Tag Archives: Joe Biden

Words Matter: Jonathan Costello’s Video Goes Viral

Last week, a story about Joe Biden’s stutter gave Americans better insights into his speaking style and “gaffes.”

Also last week, a Westport 7th grader’s video about his own stutter went viral. It’s as personal as the vice president’s tale — and perhaps even more powerful.

Jonathan Costello’s stutter began when he was 5. He was bullied a bit in his New York City school — but there were moments of kindness too. When his 2nd grade teacher explained to the class that Jonathan was trying to get over his speech disorder, a girl said, “Don’t change! I like you just the way you are.”

His family — father Sean, mother Lauren and younger brother William — moved to Westport just before 4th grade. Jonathan was very nervous. He worried that kids would think he was “weird.” He might have no friends.

From left: Sean, William, Jonathan and Lauren Costello. They’ve got a “soccer room” in their Westport home.

Jonathan is an excellent soccer player. A week before school began, he went to Mickey Kydes’ soccer camp. He made a good friend.

On the first day at Coleytown Elementary School, Jonathan blasted a home run in kickball. “I got known as the soccer kid, not the stutter kid,” he says proudly.

Jonathan’s stutter is caused by his vocal cords shutting when he speaks. He has no trouble putting thoughts together. They just don’t always come out as quickly as he’d like.

For the past 5 years, Jonathan has worked with world renowned speech therapist Becca Grusgott. She was just minutes from his Riverdale Country School.

But he moved to Westport, and she to Kansas City. They’ve continued their work via FaceTime. Jonathan has flourished. Now a 7th grader at Bedford Middle School, he plays premier soccer for Inter Connecticut FC, basketball for the Westport PAL travel squad, and attends Hebrew school at Temple Israel.

Soccer — the world’s sport –has helped give Jonathan confidence and poise.

Last spring, as his bar mitzvah loomed, Jonathan wanted to do his “mitzvah” (good deed) project about his stutter. His mother suggested a public service announcement.

A project should involve “tikkun olam” — an element of “repairing the world” — Lauren explains. A PSA video could help repair not only the world around him, but also Jonathan’s world.

Lauren and Sean were happy to help. But, she notes, “we’re not helicopter parents. We did not want to do this for him.”

Jonathan loved the idea. But he felt nervous too.

He was a fan of John Green’s crash courses. (The novelist creates clever, quick videos that use words and illustrations to explain history and science.) Green is also a Liverpool soccer fan. Sean suggested to Jonathan that he use the “crash course” model himself.

Jonathan wrote a script. Through a website for graphic artists, the family found someone in Utah to add illustrations.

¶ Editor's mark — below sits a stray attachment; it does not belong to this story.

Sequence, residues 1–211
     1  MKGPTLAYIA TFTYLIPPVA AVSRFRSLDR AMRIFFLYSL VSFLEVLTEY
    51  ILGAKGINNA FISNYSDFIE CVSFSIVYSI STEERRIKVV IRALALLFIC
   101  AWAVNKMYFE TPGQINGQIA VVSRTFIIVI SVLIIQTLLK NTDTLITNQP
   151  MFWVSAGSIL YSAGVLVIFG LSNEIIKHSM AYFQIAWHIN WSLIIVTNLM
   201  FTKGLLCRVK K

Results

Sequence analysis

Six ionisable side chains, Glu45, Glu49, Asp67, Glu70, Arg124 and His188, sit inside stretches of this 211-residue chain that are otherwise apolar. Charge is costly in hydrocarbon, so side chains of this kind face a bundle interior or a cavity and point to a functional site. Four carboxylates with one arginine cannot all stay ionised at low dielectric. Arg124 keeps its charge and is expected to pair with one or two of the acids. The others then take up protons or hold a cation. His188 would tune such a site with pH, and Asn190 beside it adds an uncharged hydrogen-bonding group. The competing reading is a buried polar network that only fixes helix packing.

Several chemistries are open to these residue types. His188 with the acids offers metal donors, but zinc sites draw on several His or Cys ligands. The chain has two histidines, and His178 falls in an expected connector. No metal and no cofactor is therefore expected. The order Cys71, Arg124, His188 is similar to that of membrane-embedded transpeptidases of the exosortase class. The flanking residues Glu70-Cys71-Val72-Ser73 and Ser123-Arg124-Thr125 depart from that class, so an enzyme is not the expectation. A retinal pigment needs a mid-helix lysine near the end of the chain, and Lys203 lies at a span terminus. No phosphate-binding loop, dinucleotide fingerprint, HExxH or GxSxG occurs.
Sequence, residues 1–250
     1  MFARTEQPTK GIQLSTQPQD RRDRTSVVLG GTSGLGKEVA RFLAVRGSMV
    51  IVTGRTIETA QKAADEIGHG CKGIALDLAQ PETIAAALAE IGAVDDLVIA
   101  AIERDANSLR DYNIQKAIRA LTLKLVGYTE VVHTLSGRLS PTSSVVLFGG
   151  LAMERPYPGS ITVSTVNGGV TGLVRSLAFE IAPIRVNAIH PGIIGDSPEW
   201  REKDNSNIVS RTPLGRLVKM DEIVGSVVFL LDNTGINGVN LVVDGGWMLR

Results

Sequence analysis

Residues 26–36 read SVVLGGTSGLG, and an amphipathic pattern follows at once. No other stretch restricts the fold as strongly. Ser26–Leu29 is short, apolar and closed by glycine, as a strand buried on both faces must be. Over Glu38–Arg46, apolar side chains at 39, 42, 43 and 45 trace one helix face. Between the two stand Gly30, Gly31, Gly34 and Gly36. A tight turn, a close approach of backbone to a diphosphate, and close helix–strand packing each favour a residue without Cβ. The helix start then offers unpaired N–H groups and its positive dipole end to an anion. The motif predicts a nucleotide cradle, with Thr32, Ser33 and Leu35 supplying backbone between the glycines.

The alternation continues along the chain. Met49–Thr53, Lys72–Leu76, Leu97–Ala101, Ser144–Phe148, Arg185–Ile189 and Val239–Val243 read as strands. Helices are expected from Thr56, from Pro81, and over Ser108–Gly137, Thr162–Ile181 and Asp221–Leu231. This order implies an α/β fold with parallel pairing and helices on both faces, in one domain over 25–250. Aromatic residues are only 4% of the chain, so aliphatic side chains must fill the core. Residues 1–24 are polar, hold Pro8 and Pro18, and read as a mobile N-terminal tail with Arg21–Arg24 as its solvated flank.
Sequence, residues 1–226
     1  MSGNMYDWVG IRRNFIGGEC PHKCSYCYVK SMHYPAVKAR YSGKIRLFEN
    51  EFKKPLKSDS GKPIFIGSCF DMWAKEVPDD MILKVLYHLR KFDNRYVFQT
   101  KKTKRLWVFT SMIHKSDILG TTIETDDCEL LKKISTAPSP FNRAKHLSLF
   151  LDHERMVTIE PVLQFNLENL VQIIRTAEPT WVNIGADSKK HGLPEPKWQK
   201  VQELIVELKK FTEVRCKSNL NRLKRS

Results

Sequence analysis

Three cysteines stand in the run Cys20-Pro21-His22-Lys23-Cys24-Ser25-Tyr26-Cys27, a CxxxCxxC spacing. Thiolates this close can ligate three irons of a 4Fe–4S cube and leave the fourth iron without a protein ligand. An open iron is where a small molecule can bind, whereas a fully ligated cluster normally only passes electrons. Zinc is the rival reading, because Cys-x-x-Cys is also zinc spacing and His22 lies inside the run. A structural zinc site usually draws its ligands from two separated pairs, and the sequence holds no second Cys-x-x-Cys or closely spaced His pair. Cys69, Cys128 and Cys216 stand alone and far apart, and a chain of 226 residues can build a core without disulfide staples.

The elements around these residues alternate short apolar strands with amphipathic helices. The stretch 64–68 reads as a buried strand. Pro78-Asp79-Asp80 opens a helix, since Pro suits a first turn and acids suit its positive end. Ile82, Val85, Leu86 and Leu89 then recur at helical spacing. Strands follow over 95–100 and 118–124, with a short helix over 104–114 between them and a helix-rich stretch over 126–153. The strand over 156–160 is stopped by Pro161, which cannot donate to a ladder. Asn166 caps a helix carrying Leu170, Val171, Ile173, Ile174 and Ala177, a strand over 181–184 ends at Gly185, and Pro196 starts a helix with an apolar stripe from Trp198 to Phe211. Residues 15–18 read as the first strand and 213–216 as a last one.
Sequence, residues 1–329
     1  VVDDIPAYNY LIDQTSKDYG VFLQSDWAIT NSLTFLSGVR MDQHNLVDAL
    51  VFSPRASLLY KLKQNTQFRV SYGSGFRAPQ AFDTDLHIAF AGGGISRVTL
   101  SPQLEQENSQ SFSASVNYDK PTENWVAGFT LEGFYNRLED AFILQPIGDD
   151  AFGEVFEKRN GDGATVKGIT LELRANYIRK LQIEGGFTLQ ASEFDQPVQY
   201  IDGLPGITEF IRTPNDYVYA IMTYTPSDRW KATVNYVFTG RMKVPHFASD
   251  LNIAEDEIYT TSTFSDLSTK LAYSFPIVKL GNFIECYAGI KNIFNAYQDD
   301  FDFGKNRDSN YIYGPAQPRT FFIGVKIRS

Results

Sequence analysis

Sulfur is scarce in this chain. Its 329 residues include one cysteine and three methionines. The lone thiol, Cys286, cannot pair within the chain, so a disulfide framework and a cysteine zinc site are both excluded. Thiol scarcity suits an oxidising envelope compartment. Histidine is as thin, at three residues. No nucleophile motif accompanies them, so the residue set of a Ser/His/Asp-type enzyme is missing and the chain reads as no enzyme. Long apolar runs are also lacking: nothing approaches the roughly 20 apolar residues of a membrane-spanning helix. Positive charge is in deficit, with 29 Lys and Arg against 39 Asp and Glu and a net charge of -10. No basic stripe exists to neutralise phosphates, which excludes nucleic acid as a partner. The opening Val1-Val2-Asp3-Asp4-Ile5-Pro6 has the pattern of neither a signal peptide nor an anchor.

His parents recorded Jonathan in their basement (they put up a green screen background, just like the pros). He created a teleprompter, and read his script.

Jonathan Costello, with the improvised green screen in his basement.

He stuttered a bit. But that’s what the whole video is about. Jonathan explains what stuttering is. He talks about his own life (including a worker at Subway, who asks what’s wrong when he’s trying to order).

And he offers strategies for family members, teachers, friends and strangers: Be patient. Don’t finish sentences for someone. Be kind.

Plus: “Share this video.”

That’s a fantastic idea.

Jonathan’s video debuted at his bar mitzvah, earlier this month. Rabbi Michael Friedman agreed to show it during the ceremony.

It was a powerful moment. There was not a dry eye in the synagogue — and then everyone erupted in cheers.

Much of the ceremony involves speaking. Jonathan stuttered often. But he delivered his words with poise and confidence.

The next morning, Sean and Lauren emailed the video to everyone at the bar mitzvah — and all the guests who could not attend. Jonathan’s parents also uploaded the video to YouTube. Temple Israel forwarded it too.

Almost immediately, people shared it on Facebook and Twitter. Quickly, it rocketed around the world.

Speech therapists in Sweden and Portugal asked for translations. A girl watched it 4 times, then asked her teacher to show it to the class. An 18-year-old who had lived his life “in the shadows” said that Jonathan’s video perfectly articulated his life.

Becca — Jonathan’s speech therapist — shared it with a number of professional groups. Many members said other people had already sent it to them.

Referring back to “tikkun olam,” Lauren says, “The reaction has been amazing. But we feel like we’re just getting started repairing the world.”

What a start! With stuttering in the news, the Costellos sent Jonathan’s video to the Biden campaign. A staff member quickly responded.

Soon, Jonathan will meet the former vice president.

It should be a remarkable conversation.

(Hat tips: Ben Frimmer and Frank Rosen)

Trump And Hillary: JP Vellotti Compares The Rallies

Alert “06880” reader/photographer JP Vellotti is an equal-opportunity political rally-goer.

On Saturday night, he attended the Donald Trump rally at Sacred Heart University. Afterward, he sent photos and a report to “06880.”

Here’s Part 2 of his journey to Election Day:

There was a lot to process after the Trump event. Having never been to a political function, I wondered if his rally was a normal state of affairs.

The next day I checked out Hillary’s website, to see if she had any events planned nearby (other than the $34,000-per-person dinner in Greenwich).